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The Living Trust Myth

Over the past few years, the 'Living Trust' concept has been advertised in direct mailings to many older adults throughout Pennsylvania. In addition, there have been numerous newspaper advertisements for Living Trust seminars. These advertisements have left many older adults very confused about the purposes and benefits of a Living Trust.

Living Trusts come in many flavors. This article will be geared to providing an overview of the Revocable Living Trust, as this type of Living Trust is the one that is constantly getting all the direct mailing and free seminar attention.

What is a Revocable Living Trust?

A Revocable Living Trust is a trust that is created during the Settlor's lifetime. The Settlor, also sometimes called the Grantor, is the person who sets up the trust. The Settlor retains the right to receive the income of the trust, spend the principal, and to completely revoke the trust at any time during the Settlor's lifetime.

Dispelling the Myths associated with the Revocable Living Trust

Many proponents of the Living Trust are promoting it as an essential aspect of everyone's Estate Plan. The advertisements generally imply that a Living Trust will help save all kinds of estate expenses. In fact, more often than not, our experience has shown that the Revocable Living Trust does not meet the specific goals of the older adult and can often lead to unnecessary complications and expenses. While laws vary from state to state, in Pennsylvania, a Revocable Living Trust will normally not reduce death taxes nor significantly lower estate expenses. Be sure you get expert and objective legal help before buying a Living Trust package.

Revocable Living Trusts can cost several thousand dollars to set-up. There can also be additional costs incurred to transfer assets into the trust. In some cases where the use of a living trust is appropriate, several thousand dollars might very well be a good investment. The key is to look at the Revocable Living Trust from the perspective of the goals of the individual and family.

Don't Revocable Living Trusts save the unnecessary expense and time associated with probate? In our opinion (an opinion that is shared by most Pennsylvania estate planning attorneys), the probate process is not an expensive or time consuming one in Pennsylvania. In fact, the probate process offers the decedent and intended heirs numerous legal protections that are not readily available where assets are passed through a Revocable Living Trust. Let's take a moment to review what probate entails. Probate is the process where the Executor files a petition with the Register of Wills and is granted authority to represent the decedent's estate. The Executor is thus authorized to carry out the administration of the estate, which includes collecting assets, paying debts and taxes, and ultimately distributing the assets to the intended beneficiaries. The actual cost associated with "probate" is the fee paid to the county. This fee is based on the size of the estate.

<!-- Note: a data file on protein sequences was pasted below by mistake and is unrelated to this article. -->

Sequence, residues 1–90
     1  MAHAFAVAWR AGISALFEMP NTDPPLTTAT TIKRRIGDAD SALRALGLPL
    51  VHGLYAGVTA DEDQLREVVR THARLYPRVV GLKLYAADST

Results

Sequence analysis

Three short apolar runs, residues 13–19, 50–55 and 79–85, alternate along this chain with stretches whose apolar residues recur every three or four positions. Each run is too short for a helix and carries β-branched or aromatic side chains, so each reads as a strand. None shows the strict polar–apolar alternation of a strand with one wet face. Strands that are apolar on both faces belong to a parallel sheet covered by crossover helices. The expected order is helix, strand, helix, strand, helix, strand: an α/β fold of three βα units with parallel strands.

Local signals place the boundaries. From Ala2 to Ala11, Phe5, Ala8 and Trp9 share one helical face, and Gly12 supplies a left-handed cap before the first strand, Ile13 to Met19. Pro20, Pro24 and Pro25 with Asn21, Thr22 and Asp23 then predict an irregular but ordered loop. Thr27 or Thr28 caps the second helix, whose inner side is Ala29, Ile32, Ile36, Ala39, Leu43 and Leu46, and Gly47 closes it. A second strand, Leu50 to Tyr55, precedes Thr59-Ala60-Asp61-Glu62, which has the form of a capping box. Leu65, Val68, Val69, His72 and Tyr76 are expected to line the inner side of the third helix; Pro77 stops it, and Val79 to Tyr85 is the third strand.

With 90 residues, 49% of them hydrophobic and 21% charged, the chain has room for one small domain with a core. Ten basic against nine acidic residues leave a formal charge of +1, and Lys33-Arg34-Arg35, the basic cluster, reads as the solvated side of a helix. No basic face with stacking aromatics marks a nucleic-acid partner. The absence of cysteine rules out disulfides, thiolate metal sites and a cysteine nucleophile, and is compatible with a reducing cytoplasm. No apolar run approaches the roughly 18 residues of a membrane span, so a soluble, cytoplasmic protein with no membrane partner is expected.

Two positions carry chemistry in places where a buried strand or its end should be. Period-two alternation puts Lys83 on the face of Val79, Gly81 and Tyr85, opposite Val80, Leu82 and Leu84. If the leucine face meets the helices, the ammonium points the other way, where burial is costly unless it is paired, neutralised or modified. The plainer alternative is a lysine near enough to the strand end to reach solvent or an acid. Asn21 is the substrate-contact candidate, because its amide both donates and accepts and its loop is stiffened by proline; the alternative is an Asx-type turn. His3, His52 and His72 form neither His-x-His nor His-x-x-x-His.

At this point it is only proper to note that there are additional expenses associated with the estate administration process, including the Executor's right to a commission, and Attorney fees. This is true - but the reality is that there are similar costs associated with winding down and distributing assets from a Revocable Living Trust. Just like an Executor, a Trustee has the right to compensation as does the attorney who is assisting in completing the Trust's distributions and closing. With a living trust the trust still has to be administered, debts paid, taxes calculated and paid, disputes resolved, assets distributed to beneficiaries (this work is similar to the work involved in probating an estate.)

Revocable Living Trust & Nursing Home Costs

Many older adults are concerned about the cost of an extended nursing home stay and the effect that this will have on their life savings. Unfortunately, the Revocable Living Trust does not afford any protection in this regard. The position taken by the Department of Public Welfare (the Pennsylvania Agency in charge of administering the Medical Assistance Program) is that assets in a Revocable Living Trust are still available to pay for the cost of nursing home care.


Given all the information regarding the Revocable Living Trust that is filtering into the homes of older adults, The Law Firm of Shawn M. Pierson believes it is important to present you with additional information regarding this Estate & Lifetime Planning tool. As is true with many types of legal planning, there are advantages & disadvantages to using the Revocable Living Trust as part of your Estate & Lifetime Plan.

In closing, there is one old saying that might save you from unnecessarily spending several thousand of your hard earned dollars...'Look before you leap'. If you are considering a Revocable Living Trust, you may want to get a second opinion before you commit.


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Lititz, Pennsylvania 17543

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